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The discipline of Medical Parasitology encompasses a broad spectrum of organisms belonging to the kingdoms Protista and Animalia that include diverse phylogenetic groupings such as the subkingdoms Protozoa and Metazoa, respectively. The latter include the trematodes, cestodes (Platyhelminthes), and nematodes (Nemathelminthes). Although often quite dissimilar, many parasites do share some important traits. They are opportunists by nature and exploit environmental niches and lifestyles within their hosts that suit their individual needs. Many have high prevalence rates, given the right set of circumstances, and may cause significant morbidity and mortality. All have exceedingly complex life cycles. The purpose of this chapter, and Chapters 49 and 50 that follow, is to lay a foundation of basic definitions and concepts that hopefully will aid the student in better understanding the specific diseases that will be described in succeeding chapters.


Within the context of this section of the book, the term parasite refers to organisms that are physiologically dependent upon their host for survival and belong to the major taxonomic groupings mentioned earlier: Protozoa, Platyhelminthes, and Nemathelminthes. Parasitism, however, denotes a relationship in which one organism, the parasite, usually benefits at the expense of the other, the host. Protozoa are microscopic, single-celled eukaryotes with a membrane-bound nucleus and organelles. Helminths, comprising both Platyhelminthes and Nemathelminthes, in contrast, are macroscopic, multicellular worms possessing differentiated tissues and complex organ systems; they vary in length from more than 1 m to less than 1 mm. The majority of both Protozoa and helminths are free living, play a significant role in the ecology of the planet, and seldom inconvenience the human race. The less common disease-producing species are typically obligate parasites, dependent on vertebrate hosts, arthropod hosts, or both for their survival. Most parasites are perfectly happy living in a commensalistic relationship with their host, producing little or no injury. Of importance to us are those that disturb this relationship, leading to pathogenesis and, occasionally, to death of both the host and parasite.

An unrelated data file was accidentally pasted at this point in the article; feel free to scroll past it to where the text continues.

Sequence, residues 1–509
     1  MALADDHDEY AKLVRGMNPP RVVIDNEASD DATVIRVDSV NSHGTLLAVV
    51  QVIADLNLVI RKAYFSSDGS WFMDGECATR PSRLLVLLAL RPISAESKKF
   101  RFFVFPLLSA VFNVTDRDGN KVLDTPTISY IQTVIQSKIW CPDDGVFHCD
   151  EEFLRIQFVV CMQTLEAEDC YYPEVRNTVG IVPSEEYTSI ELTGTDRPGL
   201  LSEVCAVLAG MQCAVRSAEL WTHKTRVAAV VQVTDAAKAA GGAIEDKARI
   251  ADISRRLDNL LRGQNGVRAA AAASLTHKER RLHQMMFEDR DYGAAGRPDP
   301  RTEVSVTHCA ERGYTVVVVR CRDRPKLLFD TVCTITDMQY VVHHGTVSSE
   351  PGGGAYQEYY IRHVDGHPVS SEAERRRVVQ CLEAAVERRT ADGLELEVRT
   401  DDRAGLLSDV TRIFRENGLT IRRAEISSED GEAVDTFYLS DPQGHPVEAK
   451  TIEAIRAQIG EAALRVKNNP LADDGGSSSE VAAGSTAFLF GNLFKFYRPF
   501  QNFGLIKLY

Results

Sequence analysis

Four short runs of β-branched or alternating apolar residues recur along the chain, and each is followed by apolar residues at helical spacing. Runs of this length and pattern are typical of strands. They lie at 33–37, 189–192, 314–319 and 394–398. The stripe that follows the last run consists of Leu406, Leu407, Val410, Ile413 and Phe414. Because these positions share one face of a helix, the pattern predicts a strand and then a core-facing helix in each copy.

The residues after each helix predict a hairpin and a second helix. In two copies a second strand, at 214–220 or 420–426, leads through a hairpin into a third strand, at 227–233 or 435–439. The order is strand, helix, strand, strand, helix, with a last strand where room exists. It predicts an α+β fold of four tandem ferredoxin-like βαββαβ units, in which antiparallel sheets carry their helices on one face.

❋ Eukaryotic, single-celled Protozoa and multicellular, macroscopic helminths

Majority are commensalistic

❋ Disease-producing species usually obligate parasites


The relative infrequency of parasitic infections in the temperate societies of the industrialized world with strict sanitation has sometimes led to the parochial view that knowledge of parasitology has little relevance for physicians practicing in these areas. In spite of this view, parasites such as Toxoplasma gondii, Cryptosporidium spp., Giardia, Trichomonas vaginalis, and Enterobius vermicularis thrive in our midst. Many others pose risks as imported agents and our medical communities are continuously challenged to both identify and treat them. In addition, the continuing presence of parasitic disease among the impoverished, immunocompromised, sexually active, and peripatetic segments of industrialized populations means that most physicians throughout the world regularly encounter those pathogens. Parasitic diseases remain among the major causes ...

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